The pulp from the tube mills is elevated to two classifiers (Fig. 9), the overflow from which passes to the amalgamated plates, water being added en route. There are ten plates, each 4 foot 9 inches by 12 foot long with 1 1/8th inch drop in the centre. The fall of the plates is 1 3/8th inches per foot, and at the end of the plates there are two riffles 3½ inches wide by ½ inch deep.

About 28lb. of mercury is used every morning in cleaning and dressing the plates and the loss sustained is 0.25 ounces per ton of ore crushed. It is still too early to say what the effect of fine grinding will be upon the percentage recovery by amalgamation. The tube mills started work on the 12th September, 1910, and a fire on the 15th September put two compressors out of service and consequently stopped the pumps below No. 13 level. Rich ore from development work was therefore cut off and the tonnage had to be maintained from above No. 13 level. The amalgamation and cyanide returns immediately before and after starting the tube mills are therefore not comparable. In addition to this the ore varies so much in nature and in its gold-silver ratio that it would be necessary to take the average over periods of at least six months in order to get reliable figures.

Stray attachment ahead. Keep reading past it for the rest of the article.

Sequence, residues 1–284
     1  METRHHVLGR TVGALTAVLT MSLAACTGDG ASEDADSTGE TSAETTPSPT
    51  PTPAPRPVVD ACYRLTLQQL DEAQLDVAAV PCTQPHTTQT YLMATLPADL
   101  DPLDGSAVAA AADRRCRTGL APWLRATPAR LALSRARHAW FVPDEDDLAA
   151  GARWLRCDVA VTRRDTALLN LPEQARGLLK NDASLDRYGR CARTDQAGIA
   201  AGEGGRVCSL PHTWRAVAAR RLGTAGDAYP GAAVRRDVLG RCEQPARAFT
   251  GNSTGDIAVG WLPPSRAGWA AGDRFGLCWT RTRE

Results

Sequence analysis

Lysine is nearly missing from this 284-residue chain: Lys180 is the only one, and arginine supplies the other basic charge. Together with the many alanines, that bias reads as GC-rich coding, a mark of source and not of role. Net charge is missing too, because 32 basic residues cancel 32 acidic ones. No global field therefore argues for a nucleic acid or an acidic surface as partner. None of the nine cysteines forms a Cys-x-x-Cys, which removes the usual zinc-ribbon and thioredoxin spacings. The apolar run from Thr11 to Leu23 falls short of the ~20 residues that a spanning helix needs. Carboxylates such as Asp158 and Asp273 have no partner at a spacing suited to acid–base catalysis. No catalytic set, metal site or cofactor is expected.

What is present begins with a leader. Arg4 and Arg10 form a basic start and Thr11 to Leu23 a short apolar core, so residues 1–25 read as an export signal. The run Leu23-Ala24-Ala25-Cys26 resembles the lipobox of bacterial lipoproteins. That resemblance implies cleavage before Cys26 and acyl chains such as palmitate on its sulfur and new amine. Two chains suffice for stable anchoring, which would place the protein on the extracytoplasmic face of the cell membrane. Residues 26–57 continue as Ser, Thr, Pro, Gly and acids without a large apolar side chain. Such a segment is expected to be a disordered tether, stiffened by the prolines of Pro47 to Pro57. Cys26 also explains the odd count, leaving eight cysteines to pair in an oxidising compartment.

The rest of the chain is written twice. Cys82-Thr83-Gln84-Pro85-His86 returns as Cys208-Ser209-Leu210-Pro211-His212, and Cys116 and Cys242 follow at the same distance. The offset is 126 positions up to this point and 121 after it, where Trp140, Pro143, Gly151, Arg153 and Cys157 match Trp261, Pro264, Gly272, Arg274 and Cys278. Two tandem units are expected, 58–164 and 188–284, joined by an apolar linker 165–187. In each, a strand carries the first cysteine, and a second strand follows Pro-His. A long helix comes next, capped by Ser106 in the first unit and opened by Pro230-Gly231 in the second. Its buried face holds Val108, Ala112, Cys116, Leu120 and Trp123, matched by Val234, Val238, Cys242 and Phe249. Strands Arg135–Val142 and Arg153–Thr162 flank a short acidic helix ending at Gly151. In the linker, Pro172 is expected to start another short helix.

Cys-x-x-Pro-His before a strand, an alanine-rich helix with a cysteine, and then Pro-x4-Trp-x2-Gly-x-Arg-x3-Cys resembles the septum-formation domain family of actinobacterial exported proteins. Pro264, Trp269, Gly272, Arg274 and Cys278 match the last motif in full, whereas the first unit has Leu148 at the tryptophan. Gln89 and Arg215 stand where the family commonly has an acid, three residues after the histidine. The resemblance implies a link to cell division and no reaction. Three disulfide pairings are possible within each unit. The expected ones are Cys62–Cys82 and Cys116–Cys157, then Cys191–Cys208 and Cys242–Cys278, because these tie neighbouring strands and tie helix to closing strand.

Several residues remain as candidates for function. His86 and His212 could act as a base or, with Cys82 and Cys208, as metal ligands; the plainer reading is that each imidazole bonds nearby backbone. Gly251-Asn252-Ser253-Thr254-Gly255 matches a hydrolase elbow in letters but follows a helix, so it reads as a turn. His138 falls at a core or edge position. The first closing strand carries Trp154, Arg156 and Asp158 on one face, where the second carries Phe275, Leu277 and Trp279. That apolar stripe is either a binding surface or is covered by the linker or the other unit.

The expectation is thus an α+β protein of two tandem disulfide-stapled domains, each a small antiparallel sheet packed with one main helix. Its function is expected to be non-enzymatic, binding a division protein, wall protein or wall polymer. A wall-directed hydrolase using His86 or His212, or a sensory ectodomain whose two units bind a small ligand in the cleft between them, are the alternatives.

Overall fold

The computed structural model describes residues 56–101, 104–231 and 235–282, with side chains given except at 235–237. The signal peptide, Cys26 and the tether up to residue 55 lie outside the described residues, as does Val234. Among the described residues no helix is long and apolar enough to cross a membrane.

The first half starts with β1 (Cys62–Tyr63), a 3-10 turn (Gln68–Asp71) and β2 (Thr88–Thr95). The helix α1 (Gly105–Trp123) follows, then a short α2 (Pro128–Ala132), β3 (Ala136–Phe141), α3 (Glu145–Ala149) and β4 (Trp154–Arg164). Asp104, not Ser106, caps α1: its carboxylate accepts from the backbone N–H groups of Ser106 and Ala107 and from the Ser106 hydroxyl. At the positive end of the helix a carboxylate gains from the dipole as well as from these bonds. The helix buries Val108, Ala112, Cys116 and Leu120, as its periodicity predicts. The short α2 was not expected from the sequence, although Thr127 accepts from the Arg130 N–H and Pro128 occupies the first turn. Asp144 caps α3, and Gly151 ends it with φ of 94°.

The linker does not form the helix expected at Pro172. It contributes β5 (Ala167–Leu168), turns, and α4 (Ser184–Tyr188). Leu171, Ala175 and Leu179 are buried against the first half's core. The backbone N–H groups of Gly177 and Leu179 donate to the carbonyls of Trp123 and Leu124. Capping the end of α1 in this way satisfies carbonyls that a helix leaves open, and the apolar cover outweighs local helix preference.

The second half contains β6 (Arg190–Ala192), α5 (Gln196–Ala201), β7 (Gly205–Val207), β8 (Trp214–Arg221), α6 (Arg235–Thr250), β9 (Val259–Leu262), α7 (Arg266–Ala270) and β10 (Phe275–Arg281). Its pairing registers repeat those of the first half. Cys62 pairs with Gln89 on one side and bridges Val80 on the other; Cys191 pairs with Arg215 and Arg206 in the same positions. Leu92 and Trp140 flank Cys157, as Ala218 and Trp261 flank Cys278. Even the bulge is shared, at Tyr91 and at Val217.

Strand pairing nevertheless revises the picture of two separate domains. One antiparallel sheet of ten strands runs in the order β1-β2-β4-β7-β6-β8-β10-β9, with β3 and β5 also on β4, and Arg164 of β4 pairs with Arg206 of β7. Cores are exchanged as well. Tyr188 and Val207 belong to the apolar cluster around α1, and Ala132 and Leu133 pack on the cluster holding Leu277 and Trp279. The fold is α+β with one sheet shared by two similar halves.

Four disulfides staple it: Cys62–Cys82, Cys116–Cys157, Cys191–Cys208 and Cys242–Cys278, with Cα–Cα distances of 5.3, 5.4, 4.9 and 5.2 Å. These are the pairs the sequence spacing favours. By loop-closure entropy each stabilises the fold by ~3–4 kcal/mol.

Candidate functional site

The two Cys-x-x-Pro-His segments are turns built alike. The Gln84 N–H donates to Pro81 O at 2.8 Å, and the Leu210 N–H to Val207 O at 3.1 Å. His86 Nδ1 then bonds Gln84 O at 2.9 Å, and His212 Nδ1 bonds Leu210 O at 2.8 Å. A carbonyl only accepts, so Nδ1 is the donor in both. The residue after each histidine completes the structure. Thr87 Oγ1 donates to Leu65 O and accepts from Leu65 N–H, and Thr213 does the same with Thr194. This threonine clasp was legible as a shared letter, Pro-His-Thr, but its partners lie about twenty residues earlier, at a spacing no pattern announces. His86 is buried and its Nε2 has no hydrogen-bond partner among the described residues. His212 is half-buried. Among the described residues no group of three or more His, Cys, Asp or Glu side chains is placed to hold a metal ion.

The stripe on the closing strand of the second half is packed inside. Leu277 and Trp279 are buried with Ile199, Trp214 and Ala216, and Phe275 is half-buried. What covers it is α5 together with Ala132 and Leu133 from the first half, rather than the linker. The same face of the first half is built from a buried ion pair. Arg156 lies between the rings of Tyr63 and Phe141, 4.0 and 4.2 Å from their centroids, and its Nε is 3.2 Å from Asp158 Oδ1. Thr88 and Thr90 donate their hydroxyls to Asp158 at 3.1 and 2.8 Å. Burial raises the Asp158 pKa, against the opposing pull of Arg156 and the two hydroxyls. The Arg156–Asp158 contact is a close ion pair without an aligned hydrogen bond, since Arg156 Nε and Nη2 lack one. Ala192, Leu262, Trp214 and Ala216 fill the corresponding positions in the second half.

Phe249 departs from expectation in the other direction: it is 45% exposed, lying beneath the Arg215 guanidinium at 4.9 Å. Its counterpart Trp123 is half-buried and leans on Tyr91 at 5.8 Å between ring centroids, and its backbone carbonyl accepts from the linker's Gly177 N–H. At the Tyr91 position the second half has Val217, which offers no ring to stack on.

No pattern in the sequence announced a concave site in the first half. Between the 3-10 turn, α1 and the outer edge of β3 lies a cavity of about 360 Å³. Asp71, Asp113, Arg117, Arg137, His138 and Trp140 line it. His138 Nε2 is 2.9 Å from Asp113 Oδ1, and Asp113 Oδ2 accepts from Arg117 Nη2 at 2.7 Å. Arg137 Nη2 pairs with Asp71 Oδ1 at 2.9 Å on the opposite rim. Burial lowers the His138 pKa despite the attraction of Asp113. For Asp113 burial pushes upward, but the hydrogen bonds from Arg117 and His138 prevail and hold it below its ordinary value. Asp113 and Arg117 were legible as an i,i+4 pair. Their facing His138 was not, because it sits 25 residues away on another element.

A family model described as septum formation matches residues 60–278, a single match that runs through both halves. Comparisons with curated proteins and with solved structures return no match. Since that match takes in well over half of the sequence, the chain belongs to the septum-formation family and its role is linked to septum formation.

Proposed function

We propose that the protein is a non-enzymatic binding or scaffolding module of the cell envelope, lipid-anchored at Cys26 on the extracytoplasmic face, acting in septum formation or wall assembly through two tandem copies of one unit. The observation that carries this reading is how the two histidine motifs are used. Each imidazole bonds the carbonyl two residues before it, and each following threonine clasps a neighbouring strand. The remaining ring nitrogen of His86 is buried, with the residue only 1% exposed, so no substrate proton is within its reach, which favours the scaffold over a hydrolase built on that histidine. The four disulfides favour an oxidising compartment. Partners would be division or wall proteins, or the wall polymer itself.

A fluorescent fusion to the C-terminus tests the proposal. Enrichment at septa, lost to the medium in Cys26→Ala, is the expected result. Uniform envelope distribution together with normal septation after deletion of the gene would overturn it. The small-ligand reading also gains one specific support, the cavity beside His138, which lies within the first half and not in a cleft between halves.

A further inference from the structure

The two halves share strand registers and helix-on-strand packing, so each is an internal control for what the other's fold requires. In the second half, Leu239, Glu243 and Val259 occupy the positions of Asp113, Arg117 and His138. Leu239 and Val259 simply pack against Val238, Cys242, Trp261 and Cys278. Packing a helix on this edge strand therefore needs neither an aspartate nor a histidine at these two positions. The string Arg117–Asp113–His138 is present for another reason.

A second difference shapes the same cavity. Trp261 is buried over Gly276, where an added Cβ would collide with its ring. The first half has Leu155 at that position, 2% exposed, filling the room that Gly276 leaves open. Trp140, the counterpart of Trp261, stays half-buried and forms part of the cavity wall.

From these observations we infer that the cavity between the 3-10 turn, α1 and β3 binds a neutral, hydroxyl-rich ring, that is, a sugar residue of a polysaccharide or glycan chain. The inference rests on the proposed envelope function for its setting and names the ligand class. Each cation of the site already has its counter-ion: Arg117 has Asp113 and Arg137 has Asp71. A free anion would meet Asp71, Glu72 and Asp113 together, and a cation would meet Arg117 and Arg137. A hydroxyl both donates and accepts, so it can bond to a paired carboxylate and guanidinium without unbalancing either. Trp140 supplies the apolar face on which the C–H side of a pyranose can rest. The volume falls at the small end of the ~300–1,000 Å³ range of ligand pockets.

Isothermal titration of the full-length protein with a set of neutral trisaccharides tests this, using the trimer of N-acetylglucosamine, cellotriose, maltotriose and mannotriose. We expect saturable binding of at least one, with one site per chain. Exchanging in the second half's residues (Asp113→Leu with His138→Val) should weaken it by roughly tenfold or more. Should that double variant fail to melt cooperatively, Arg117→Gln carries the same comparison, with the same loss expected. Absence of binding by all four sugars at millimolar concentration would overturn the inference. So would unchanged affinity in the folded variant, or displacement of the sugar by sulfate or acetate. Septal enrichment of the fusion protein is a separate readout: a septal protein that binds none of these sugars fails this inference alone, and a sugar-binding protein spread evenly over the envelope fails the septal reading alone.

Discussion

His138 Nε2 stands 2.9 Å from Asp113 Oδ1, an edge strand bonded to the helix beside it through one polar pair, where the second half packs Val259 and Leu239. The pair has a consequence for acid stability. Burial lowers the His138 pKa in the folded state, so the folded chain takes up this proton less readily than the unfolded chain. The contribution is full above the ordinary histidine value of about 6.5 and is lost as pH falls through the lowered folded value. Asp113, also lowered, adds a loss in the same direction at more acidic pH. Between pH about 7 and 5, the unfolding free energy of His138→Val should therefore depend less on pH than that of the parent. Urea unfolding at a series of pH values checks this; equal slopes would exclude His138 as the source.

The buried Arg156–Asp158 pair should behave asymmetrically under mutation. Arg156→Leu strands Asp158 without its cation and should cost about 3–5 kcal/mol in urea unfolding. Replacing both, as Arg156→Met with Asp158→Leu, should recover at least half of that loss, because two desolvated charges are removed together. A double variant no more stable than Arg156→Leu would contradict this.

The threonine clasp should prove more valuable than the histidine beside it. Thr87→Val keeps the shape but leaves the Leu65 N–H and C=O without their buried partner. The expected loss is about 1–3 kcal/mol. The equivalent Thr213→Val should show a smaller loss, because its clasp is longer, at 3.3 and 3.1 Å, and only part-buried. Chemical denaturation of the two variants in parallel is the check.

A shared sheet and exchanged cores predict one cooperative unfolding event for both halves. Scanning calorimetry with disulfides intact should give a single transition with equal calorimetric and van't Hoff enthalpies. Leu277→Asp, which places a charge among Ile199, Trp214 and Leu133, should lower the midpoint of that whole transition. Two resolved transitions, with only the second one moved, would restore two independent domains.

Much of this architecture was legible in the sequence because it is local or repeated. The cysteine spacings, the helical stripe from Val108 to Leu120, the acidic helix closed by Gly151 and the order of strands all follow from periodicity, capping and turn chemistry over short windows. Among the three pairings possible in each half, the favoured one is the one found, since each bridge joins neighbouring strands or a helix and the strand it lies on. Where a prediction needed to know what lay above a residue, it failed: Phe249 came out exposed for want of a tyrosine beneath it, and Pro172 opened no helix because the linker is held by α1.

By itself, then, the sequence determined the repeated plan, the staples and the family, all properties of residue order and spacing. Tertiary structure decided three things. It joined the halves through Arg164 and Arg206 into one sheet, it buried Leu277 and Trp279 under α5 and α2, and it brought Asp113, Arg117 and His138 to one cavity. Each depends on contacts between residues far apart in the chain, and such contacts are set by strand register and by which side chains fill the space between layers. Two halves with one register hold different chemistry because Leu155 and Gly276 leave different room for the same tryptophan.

Percentage Recovery of Values by Amalgamation.

Year    %
1906    37.3
1907    39.1
1908    40.1
1909    40.7
1910    40.3 for 6 months prior to starting tube mills.

1910    31.0 for 3 months after starting tube mills.

The reduction of the recovery by 10% since September is probably due to the alteration in the character of ore treated. No amalgam traps are used, but each Vanner has a muntz-metal box inside its feed-distributing box, which catches mercury, becomes coated with amalgam and is cleaned up every six months.